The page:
> > > used. (This is correct since Raft doesn't suggest any action at this
> > > point)
> > > 6. ... 1/3 heartbeat timer reached ...
> > > 7. Leader: send AppendReq(heartbeat) with the new commit_index to follower A
> > > 8. Follower A: handle AppendReq(heartbeat) and update local
> > > commit_index, and now follower A can apply T1 to its local committed
> > > data, and T2 can be proposed to leader with the new prereq P2.
> > > 9. Follower A: send CommandExec(T2) using prereq P2.
> > > ...
> > >
> > > As we can see, just to complete T1 there is a latency caused by the
> > > hearbeat timer at step 6, and T2 cannot start until step 8 (it can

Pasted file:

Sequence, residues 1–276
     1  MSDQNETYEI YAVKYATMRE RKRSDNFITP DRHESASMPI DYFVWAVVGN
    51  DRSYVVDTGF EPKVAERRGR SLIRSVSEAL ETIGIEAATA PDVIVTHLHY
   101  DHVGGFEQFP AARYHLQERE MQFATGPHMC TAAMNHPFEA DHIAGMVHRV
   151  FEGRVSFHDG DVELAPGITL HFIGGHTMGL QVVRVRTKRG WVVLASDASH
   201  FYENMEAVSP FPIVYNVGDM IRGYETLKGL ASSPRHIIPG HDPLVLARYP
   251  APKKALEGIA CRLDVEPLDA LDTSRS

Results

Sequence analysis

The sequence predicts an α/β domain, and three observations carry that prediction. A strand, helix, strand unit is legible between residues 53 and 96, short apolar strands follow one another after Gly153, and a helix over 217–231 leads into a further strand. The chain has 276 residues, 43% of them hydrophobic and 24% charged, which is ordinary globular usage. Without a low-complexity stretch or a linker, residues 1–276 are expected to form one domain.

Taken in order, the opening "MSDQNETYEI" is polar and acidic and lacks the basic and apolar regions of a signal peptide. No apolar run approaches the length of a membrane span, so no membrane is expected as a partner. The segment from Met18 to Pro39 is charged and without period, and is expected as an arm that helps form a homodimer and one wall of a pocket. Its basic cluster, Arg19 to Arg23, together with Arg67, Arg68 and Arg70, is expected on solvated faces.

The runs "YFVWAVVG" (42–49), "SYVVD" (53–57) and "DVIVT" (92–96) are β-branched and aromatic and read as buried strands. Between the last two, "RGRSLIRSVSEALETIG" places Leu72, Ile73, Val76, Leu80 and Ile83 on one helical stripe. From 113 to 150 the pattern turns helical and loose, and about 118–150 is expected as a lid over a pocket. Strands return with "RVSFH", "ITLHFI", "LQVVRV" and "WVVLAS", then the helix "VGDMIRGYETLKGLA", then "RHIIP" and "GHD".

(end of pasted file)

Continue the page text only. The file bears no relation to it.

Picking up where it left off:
> > > start earlier like how it is currently implemented but only could
> > > result in prereq check failure and useless retries wasting more CPU
> > > cycles). So the batch of transactions in the follower A have to be
> > > executed one by one, each wait at least 1/3 heartheat timer. This is
> > > causing big latencies and very low performance overall. An
> > > optimization may be done at step 5 when follower receives CommandExec
> > > reply, to move forward the local commit_index without waiting for the
> > > next heartbeat. However, I am not sure if it introduces any problem
> > > since it is not something mentioned in Raft paper.
> > >

I submitted the patch that solves problem 2) here:
https://mail.openvswitch.org/pipermail/ovs-dev/2019-March/357220.html
It immediately send out the next heartbeat to all followers to sync
the new commit index, without waiting for next heartbeat interval. It
is better than carrying commit_index in CommandExecute reply because